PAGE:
May 10, 2014

What the market for higher education really wants

There's a lot of talk about how to make higher education cheaper and less exclusive, but my impression is that what the market really wants is for tuition to be more expensive and schools harder to get into. For example, here's what would be a wildly publicized alternative to Harvard Business School: one student out a thousand applicants is picked and he gets to pay one hundred million dollars to have Warren Buffett be his personal MBA tutor.


Oswald Spengler said...

Higher education is now a positional good not a public value.

Anonymous said...

This is essentially what Larry Ellison did when his kids decided they wanted to make movies. He vested them with a bunch of money and then got people like David Geffen, Jeffrey Katzenberg, Kathryn Bigelow and the Coen brothers to mentor them. And it worked out pretty well, actually.

Anonymous said...

This is essentially what Larry Ellison did when his kids decided they wanted to make movies. He vested them with a bunch of money and then got people like David Geffen, Jeffrey Katzenberg, Kathryn Bigelow and the Coen brothers to mentor them. And it worked out pretty well, actually.

It's okay if the kid wants to go into something that can be bought and is about connections (entertainment, business, etc.). A little more problematic if it's a field which requires objective talent. "Dad, I want to be a professional boxer. Could you have Floyd Mayweather, Jr. tutor me?"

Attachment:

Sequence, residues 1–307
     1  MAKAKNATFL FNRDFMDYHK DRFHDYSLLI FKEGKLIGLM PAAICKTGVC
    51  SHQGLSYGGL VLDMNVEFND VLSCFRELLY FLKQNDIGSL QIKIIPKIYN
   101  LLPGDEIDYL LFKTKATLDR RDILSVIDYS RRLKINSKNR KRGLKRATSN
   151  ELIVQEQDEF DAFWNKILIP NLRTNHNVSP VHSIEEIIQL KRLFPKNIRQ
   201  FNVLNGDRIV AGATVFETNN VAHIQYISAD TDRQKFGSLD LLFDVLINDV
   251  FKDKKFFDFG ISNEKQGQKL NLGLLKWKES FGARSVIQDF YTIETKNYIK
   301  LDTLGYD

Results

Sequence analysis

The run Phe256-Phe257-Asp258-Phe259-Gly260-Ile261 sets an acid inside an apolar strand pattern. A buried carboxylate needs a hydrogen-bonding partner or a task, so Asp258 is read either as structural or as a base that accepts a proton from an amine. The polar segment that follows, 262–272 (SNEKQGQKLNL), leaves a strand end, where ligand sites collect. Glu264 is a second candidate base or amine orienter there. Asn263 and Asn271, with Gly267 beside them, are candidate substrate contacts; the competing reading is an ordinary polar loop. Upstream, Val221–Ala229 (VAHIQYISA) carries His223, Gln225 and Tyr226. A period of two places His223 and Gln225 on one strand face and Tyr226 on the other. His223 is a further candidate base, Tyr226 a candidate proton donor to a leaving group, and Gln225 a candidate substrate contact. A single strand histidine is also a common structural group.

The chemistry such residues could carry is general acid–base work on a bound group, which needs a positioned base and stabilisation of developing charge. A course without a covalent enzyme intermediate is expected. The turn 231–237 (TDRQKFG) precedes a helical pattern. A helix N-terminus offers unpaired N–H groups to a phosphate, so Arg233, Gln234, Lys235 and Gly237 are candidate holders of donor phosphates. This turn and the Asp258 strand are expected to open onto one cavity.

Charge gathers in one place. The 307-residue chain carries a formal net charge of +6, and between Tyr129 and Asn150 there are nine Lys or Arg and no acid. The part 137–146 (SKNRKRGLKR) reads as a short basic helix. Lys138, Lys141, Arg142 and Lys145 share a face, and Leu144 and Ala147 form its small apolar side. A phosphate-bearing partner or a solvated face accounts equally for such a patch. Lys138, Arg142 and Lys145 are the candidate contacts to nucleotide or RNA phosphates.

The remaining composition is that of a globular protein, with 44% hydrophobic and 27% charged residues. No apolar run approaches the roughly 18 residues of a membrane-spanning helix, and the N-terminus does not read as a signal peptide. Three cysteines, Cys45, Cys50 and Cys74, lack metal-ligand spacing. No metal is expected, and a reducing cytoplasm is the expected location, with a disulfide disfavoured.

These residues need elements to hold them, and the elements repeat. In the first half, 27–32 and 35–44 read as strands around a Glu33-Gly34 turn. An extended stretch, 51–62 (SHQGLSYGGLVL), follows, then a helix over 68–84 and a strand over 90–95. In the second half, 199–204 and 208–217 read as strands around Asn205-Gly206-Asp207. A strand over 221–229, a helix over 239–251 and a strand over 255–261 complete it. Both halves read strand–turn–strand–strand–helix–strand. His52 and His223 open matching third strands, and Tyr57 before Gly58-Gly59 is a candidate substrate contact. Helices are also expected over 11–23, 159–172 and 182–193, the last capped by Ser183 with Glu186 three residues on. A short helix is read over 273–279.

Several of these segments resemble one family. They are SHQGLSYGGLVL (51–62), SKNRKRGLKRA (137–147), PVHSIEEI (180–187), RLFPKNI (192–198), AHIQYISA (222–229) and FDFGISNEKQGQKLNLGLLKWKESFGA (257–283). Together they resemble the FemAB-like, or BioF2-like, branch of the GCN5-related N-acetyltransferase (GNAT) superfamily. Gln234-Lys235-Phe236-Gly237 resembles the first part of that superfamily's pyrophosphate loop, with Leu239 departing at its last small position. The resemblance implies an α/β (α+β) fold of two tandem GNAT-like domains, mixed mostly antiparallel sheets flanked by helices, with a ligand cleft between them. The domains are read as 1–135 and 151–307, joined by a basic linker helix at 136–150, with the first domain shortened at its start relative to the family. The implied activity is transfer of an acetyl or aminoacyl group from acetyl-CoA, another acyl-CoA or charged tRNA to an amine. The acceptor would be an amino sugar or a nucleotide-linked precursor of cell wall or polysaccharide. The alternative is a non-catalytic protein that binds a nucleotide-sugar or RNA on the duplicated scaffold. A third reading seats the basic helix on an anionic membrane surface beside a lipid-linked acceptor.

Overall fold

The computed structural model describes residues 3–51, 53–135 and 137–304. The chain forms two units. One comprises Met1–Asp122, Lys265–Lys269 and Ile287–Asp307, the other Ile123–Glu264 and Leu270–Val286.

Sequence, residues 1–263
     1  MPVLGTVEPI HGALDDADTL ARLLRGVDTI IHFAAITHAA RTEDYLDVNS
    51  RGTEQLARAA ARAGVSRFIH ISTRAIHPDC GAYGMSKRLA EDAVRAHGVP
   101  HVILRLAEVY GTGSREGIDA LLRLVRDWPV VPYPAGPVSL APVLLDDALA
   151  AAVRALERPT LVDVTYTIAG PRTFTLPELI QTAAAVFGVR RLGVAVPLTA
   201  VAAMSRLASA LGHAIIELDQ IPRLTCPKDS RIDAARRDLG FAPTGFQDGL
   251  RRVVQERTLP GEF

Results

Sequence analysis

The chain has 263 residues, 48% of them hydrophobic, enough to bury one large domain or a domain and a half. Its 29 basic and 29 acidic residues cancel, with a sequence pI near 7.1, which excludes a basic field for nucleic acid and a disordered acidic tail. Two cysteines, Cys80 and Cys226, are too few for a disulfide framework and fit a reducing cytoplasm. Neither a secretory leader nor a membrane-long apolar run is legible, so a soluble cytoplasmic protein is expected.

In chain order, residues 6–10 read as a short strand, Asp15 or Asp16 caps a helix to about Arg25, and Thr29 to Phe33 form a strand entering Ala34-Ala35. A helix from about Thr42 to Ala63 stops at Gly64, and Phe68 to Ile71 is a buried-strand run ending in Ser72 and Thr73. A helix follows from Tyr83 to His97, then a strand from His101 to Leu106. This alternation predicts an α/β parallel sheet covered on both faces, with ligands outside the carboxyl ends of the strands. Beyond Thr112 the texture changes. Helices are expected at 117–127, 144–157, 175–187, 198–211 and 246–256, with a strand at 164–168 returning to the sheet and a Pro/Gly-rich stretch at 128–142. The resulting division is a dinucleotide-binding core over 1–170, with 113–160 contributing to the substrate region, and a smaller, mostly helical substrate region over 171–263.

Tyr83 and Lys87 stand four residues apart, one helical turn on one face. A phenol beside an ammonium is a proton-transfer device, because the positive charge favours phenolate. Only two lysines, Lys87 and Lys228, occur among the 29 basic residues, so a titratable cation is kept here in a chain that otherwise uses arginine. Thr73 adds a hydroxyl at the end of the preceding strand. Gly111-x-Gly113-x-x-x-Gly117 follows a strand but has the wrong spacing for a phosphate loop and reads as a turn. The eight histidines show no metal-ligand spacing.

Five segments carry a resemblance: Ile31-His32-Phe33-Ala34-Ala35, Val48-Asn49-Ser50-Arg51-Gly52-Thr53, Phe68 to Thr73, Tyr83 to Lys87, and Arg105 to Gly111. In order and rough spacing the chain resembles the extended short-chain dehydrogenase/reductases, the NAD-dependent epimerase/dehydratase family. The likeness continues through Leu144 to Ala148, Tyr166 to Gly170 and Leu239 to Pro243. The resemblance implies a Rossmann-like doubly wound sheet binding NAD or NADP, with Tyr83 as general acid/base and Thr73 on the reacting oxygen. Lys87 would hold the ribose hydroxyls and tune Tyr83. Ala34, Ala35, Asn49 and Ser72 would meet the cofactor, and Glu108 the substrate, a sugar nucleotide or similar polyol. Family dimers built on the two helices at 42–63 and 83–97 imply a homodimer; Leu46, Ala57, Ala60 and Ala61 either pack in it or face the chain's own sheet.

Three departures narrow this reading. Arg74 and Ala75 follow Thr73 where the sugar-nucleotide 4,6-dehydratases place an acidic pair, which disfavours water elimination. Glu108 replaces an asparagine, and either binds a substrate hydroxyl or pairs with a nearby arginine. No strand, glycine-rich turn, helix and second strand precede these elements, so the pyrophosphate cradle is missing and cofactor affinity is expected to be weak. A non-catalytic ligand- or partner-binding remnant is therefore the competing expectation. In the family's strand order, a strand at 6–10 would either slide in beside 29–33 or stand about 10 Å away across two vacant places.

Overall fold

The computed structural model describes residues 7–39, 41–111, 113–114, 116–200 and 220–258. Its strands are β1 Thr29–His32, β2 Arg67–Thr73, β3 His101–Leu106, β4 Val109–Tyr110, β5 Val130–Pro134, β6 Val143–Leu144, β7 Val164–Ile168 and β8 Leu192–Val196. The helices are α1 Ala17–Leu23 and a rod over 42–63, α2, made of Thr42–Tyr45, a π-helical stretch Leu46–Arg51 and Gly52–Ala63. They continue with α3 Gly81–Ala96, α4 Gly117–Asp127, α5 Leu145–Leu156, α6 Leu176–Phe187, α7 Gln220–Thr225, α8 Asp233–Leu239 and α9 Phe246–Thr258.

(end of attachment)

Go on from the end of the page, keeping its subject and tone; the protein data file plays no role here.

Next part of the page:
Pat Boyle said...

The calumny about co-eds once was that they were just in college to meet a husband. The implication was that they were just taking up space- they were not really trying to learn anything.

There was some truth to that of course, but now much the same can be said of a lot of men. Why would someone want to go to Harvard? The obvious answer - if you are honest - is to meet people. The big advantage of a place like Harvard is it has a high concentration of contacts who could help you later in life.

If you just want to learn something you could look it up in Wikipedia.

Education should have been revolutionized by computers and the Web by now, but it hasn't . But there is one example of a new direction in academic careers.

I give you the case of Steve Sailer. If you look up Racial Realists or HBD in Wikipedia they will display small photos of all the luminaries in those fields. Every single one of them has a Ph.D. or two and a connection to an academic institution. Except you.

I'm thinking Lynn, Rushton, Murray, Cochran, and Harpending. All of them have also published peer reviewed articles and/or large serious books aimed at the intelligent layman.

But you Steve Sailer have followed a different path. You are almost alone in defining yourself as a serious intellectual who isn't attached to a university or think tank and who doesn't really write books. I don't think you are a journalist. Journalists do interviews. Your book on Obama was more of a literary analysis. It was not the sort of thing that an editor expects to get back from a reporter on assignment.

Even mere journalists like Ann Coulter often deliver lectures on college campuses, but you only blog. You seem to abjure traditional academic venues. If you weren't doing it I would have said that it couldn't be done.

Maybe you are a pioneer or maybe one swallow doesn't make a summer. Too soon to tell.

Pat Boyle

Silicon Valley Guy said...

Well, that's a funny idea that does capture some of what's going on. But let's, for a moment, think about how to make higher education better and cheaper.